Genotoxicity of cadmium in marine diatom Chaetoceros tenuissimus using the alkaline Comet assay
Genotoxic effects of cadmium on phytoplankton Chaetoceros tenuissimus have been evaluated using DNA damage by Comet assay. Cadmium concentrations ranging from 2.4 to 10 mg/l were used to evaluate the effects. Results showed that as the concentration of Cd increased growth of the diatom decreased. Alkaline single-cell gel electrophoresis (Comet assay) method, which is highly sensitive in detection of DNA damage in eukaryotic cells, was used to observe genomic changes in marine diatom cells. DNA damage was measured as percent number of comets and normal cells. 65% cells were found to be damaged at 10 mg/l concentration of Cd as compared to 23% in 2.4 mg/l and only 5% in controls. More than 50% apoptic cells were observed on 8th day at 10 mg/l and 12th day at 7.5 mg/l concentrations. At lower Cd concentrations (4.5 mg/l and below) the damage was below 30% till the last day. This suggested that higher Cd levels have early damaging effects on cell nuclear material and that % injury increases with advancement of exposure period. One advantage of use of C. tenuissimus is the ease with which it can be cultured in a defined medium. C. tenuissimus diatom can be used as an in vivo model for ecogenotoxicity assessment using the Comet assay.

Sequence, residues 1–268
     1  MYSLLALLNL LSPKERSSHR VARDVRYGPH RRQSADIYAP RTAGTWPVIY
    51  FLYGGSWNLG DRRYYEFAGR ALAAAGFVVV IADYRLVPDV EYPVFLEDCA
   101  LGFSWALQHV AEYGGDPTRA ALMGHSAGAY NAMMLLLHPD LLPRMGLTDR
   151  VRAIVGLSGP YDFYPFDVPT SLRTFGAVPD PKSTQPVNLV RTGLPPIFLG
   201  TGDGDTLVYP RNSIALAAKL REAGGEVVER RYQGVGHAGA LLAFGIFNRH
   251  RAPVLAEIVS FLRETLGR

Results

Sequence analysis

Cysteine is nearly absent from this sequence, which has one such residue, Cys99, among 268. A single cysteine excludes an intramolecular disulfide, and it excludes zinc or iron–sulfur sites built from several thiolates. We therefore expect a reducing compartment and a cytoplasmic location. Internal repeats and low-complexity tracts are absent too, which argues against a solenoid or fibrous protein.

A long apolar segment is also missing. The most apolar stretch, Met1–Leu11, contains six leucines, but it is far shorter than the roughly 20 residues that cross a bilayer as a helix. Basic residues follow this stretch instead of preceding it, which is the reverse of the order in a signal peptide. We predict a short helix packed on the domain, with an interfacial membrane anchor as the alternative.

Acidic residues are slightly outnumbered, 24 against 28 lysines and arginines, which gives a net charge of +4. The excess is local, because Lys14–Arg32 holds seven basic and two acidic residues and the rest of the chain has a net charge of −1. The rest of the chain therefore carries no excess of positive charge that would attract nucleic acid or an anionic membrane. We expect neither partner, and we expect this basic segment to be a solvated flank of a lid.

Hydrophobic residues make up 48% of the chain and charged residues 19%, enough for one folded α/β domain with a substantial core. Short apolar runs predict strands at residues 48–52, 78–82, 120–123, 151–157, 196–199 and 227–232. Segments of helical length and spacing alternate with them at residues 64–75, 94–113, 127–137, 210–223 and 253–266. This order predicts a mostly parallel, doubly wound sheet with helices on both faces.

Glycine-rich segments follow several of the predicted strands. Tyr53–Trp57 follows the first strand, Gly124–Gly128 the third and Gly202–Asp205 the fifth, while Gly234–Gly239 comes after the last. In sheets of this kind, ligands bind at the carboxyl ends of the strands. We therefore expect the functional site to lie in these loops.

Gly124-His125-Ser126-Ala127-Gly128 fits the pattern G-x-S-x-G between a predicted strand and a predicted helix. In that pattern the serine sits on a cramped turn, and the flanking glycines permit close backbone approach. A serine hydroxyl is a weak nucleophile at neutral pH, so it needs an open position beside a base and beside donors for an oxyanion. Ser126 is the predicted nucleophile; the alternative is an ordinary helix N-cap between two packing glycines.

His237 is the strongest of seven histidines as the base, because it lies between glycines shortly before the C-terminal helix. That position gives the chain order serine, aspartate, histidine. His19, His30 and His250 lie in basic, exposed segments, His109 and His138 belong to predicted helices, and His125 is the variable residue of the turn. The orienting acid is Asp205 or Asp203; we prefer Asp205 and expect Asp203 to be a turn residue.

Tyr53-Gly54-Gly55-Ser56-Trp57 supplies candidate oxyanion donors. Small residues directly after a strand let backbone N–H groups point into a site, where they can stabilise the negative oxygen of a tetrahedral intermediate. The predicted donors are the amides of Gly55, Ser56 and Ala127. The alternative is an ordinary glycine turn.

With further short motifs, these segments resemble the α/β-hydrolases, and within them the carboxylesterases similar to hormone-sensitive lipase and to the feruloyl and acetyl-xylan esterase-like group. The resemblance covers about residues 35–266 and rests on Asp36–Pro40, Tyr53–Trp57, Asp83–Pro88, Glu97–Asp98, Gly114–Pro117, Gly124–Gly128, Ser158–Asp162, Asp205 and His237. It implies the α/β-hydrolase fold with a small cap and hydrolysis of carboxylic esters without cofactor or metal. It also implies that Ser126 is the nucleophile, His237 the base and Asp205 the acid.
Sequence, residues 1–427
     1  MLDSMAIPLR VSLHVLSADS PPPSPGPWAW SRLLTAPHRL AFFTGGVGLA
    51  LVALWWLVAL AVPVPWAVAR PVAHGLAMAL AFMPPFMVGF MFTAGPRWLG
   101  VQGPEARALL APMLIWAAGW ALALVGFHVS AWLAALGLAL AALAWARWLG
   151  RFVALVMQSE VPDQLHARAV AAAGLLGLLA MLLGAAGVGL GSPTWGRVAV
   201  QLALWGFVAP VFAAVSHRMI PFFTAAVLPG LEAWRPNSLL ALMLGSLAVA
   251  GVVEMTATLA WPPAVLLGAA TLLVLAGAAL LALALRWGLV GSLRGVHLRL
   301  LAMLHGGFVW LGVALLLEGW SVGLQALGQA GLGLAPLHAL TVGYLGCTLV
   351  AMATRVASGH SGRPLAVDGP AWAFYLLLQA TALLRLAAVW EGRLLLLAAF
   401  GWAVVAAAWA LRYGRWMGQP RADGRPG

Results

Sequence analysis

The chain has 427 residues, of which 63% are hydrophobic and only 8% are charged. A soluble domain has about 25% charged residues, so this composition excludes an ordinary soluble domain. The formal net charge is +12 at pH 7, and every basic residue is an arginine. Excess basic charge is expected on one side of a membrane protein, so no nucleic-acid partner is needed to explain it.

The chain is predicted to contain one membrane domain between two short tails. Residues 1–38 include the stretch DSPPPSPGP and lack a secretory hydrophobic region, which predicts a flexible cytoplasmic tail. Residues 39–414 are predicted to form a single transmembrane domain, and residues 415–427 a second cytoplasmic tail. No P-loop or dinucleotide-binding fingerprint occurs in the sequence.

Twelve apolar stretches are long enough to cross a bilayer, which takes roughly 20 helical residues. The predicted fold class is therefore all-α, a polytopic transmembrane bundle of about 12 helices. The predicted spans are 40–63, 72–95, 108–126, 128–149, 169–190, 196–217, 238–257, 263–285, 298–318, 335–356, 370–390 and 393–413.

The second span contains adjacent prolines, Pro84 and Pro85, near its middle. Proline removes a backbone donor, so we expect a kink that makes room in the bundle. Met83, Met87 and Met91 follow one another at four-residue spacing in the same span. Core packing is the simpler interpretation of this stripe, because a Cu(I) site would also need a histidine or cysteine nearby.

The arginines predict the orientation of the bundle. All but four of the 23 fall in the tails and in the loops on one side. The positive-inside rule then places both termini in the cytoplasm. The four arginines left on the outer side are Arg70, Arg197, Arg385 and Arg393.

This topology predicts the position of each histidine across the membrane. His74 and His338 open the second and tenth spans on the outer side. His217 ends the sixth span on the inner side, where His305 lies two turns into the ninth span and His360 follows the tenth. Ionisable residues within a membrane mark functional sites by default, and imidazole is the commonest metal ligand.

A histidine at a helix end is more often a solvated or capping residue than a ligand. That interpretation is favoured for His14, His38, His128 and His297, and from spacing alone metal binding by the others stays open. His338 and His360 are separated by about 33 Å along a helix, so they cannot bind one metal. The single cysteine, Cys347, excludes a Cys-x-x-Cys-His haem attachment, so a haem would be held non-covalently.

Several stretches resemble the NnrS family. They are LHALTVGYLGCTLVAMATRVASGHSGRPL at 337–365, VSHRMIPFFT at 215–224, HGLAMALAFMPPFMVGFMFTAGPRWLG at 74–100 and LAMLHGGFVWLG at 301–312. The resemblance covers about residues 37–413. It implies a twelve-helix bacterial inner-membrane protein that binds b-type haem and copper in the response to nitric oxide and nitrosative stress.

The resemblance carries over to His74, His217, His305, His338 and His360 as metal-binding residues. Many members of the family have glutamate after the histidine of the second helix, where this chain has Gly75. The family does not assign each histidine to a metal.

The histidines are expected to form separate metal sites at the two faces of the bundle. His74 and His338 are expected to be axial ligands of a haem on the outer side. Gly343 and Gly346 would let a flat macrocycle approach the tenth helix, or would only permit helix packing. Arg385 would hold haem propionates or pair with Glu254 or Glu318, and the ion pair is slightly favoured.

KeywordsGrowth Chaetoceros tenuissimus Comet assay Single-cell gel electrophoresis DNA damage
The authors are grateful to Dr. S. R. Shetye, Director, NIO for encouragement. Thanks are also due to Dr. S. G. Dalal for his help in statistical analysis. This work was carried out with funding (GAP 0323) from the Department of Ocean Development, New Delhi. This is NIO contribution No. 4119.
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